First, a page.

Mixed or Merged Credit Report

Experian Sued for Mixing the Credit Files of People Who Share the Same Name

Experian Sued for Mixing the Credit Files of People Who Share the Same Name

A federal lawsuit has been filed against Experian in the United States District Court, Western District of Wisconsin, for merging the credit file of one individual with the credit file of another who share the same first and last name.

While applying for a mortgage, the plaintiff in the above mentioned case discovered that Experian had included no less than twenty-three (23) tradelines (bits of credit information) which did not belong to her on the credit report used to determine her credit worthiness. After being denied the loan, the plaintiff obtained her credit file from Experian. She then contacted an Experian representative by phone to dispute the inaccurate tradelines. The Experian representative confirmed that the tradelines in question belonged to another consumer and promised to have them removed from her credit file.

However, the information contained within the credit reports which Experian provided to the loan officer, is different than the information contained within the consumer report the plaintiff received when she requested her credit report from Experian. This is not uncommon. Rather it’s standard procedure.

Are you sure your credit report contains only your information?

Are you sure your credit report contains only your information?

Mixed credit reports are more common than you may realize. Your credit file may contain information belonging to someone else, and unless you look at your credit report, you may never know. Watch this short clip to learn more ...

Equifax is being sued for mixing the credit file of one man with the credit file of the man's father.

Equifax is being sued for mixing the credit file of one man with the credit file of the man's father.

Equifax is being sued for violated in Fair Credit Reporting Act

Earlier this year, Cento Law filed a complaint against Equifax for mixing the credit report of the plaintiff with information belonging to the plaintiff's father.

The plaintiff was first alerted to the mixed credit file when he was eighteen years old. At the time he was living at his parents and working. The alert came when he received a letter that was attached to his paycheck. The letter was from a county auditors office and its purpose was to inform the plaintiff that his wages were going to be garnished due to unpaid property taxes. Eventually the plaintiff learned that the property taxes in question were actually taxes levied against a man that he shared the same name with, his father.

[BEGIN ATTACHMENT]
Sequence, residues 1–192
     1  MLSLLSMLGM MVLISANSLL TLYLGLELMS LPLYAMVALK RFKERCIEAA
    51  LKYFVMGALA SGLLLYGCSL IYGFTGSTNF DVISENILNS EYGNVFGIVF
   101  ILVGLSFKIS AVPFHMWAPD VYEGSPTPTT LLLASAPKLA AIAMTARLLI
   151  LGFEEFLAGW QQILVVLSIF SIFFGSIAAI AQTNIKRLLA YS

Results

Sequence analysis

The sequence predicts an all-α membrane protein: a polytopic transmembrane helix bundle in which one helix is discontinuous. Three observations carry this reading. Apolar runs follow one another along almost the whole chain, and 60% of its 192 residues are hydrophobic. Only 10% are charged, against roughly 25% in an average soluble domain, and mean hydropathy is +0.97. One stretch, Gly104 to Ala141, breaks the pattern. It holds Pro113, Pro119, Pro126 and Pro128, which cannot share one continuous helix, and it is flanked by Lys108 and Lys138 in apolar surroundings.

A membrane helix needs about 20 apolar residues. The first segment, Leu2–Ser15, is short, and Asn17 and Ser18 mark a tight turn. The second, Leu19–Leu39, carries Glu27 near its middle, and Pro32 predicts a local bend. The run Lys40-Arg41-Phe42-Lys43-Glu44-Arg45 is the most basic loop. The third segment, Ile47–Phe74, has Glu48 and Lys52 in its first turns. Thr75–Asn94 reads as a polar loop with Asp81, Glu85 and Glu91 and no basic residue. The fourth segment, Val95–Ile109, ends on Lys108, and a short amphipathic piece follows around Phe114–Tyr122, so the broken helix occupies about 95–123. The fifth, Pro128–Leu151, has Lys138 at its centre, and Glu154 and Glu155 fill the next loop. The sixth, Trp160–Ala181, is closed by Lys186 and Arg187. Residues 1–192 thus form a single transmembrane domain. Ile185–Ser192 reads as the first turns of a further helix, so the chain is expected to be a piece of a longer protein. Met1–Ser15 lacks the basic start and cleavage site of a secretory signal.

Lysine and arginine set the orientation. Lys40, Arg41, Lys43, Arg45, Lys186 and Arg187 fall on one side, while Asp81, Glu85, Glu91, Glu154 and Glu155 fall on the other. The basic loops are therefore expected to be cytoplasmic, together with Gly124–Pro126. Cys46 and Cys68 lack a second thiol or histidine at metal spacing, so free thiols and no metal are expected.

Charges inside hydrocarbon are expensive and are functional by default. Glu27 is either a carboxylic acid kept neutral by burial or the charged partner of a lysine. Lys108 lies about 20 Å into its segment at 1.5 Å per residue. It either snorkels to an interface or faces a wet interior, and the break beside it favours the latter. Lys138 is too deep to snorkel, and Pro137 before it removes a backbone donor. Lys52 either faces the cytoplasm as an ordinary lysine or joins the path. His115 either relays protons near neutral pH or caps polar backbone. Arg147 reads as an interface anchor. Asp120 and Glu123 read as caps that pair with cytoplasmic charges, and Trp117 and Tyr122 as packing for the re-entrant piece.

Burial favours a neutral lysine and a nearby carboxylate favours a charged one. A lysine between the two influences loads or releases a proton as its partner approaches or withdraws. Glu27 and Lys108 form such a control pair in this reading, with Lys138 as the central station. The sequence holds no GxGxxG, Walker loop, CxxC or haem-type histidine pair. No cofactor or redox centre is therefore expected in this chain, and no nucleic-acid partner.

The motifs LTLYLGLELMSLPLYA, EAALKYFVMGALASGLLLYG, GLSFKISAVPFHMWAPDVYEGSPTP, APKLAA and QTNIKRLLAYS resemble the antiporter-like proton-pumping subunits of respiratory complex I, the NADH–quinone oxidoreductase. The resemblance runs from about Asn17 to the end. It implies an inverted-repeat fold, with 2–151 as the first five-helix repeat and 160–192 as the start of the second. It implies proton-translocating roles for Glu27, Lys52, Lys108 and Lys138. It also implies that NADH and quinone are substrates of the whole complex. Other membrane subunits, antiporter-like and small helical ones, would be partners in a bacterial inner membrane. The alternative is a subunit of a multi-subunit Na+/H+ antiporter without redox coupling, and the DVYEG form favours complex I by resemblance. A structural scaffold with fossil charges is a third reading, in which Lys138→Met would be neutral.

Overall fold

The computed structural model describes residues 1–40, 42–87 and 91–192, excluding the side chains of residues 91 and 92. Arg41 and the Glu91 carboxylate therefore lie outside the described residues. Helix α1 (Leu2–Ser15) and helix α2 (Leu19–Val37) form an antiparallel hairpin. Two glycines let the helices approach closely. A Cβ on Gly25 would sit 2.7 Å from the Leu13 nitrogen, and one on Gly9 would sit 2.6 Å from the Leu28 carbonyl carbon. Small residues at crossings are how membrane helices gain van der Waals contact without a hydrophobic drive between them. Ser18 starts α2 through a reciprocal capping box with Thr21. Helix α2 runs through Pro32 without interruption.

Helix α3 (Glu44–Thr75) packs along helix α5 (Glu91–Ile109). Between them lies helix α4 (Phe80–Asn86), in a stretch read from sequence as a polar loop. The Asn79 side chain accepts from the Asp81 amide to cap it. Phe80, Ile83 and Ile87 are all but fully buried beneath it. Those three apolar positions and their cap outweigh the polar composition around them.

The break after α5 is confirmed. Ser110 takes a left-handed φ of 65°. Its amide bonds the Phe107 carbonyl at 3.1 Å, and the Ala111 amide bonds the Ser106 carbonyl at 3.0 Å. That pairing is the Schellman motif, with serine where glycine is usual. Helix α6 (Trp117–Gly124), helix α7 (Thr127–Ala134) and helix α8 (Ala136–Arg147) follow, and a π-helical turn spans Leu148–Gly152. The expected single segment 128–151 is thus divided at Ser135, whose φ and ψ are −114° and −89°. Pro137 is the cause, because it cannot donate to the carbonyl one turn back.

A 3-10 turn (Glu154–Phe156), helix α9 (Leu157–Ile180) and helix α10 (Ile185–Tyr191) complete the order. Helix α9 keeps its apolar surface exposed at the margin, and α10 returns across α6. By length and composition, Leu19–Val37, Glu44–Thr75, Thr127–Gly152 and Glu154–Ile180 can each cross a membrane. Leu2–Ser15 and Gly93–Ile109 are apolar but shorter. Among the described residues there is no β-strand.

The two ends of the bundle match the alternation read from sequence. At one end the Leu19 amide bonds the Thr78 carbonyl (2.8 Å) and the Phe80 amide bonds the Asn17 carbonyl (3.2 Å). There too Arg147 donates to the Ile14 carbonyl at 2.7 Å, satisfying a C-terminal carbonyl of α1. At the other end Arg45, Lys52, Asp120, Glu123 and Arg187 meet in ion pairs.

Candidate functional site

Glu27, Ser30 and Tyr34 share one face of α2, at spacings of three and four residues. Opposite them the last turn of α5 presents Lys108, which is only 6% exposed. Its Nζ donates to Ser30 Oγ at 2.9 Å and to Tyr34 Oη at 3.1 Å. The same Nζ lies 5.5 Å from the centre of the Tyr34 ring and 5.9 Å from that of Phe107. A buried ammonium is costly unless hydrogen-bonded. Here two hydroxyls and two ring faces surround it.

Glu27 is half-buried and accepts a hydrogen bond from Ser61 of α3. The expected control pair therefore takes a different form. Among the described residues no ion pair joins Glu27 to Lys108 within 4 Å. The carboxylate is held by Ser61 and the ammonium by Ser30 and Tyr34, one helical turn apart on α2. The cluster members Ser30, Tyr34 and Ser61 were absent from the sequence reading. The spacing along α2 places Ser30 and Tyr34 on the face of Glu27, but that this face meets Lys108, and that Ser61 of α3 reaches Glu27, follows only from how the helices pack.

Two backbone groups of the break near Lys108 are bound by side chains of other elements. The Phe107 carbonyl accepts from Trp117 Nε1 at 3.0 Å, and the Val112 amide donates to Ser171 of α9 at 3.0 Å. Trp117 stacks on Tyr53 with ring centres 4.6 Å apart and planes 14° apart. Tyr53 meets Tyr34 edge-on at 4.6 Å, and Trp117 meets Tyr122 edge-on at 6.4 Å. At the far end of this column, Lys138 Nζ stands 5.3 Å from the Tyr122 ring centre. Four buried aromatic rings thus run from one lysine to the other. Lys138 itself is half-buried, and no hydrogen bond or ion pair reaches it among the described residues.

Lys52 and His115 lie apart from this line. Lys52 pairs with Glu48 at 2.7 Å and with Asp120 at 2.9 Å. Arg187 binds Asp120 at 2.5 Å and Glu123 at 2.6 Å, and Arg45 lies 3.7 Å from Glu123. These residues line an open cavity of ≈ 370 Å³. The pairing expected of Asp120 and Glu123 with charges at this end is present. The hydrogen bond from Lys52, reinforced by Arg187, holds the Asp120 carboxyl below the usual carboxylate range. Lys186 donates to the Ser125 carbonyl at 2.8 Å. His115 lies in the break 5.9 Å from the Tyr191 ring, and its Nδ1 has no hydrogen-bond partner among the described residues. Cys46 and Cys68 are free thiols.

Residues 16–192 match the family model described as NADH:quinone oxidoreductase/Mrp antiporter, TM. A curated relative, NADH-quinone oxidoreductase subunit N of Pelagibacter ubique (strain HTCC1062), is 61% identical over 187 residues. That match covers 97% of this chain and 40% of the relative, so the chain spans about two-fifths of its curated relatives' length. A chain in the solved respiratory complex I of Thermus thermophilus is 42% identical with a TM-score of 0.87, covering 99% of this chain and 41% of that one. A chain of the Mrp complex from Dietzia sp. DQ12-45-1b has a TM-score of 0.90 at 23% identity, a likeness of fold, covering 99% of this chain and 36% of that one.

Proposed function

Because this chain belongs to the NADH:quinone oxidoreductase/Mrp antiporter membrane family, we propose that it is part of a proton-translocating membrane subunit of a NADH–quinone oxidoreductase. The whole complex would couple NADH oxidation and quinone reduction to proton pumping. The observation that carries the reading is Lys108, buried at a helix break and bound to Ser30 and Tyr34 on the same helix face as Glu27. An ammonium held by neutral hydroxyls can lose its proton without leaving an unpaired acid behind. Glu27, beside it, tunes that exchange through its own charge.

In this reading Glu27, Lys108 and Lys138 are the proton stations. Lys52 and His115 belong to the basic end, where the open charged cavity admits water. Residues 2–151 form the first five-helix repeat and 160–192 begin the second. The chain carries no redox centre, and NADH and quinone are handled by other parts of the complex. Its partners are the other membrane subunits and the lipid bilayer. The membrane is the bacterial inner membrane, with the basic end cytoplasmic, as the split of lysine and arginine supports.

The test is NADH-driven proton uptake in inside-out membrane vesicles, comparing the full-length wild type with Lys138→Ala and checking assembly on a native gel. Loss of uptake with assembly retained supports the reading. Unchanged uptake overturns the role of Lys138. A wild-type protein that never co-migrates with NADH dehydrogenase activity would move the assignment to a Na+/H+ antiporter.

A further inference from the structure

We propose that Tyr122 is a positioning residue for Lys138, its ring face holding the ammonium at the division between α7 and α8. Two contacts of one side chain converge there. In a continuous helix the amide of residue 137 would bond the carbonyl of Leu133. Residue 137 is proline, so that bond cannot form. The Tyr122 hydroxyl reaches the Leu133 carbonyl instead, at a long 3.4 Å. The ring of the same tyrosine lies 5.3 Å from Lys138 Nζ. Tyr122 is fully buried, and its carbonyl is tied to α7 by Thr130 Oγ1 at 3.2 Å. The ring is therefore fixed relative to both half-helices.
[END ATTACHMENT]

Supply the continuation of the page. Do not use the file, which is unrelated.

As time went by, plaintiff was able to obtain a loan for a vehicle. He paid his loan on time with the hope of creating good credit. Two years later...

Is someone else's credit history mixed with yours?

Is someone else's credit history mixed with yours?

Mixed Credit Reports

The credit reporting agencies collect information about you and store it in their databases. Equifax, Experian, and Trans Union all have their own database. This is why you have three different credit reports. The databases contain hundreds of millions of bits of raw data, referred to as credit files. Most consumers have more than one credit file. Credit files are used to generate credit reports. A mixed credit report is the result of a credit reporting agency’s inaccurate merging of credit information and/or an entire credit file belonging to one consumer into the credit report of another consumer.

When your credit history is requested, the credit reporting agencies sort though the millions of bits of electronic data stored within their databases. Search results defer depending upon the search terms used. For example: the results of a search for Jane Doe may vary from the results for a search for Jane A. Doe. ...

$18. 6 Million Verdict Against Equifax for Not Fixing a Mixed Credit Report

Equifax Slammed with $18.6 Million Jury Verdict for Violations of the FCRA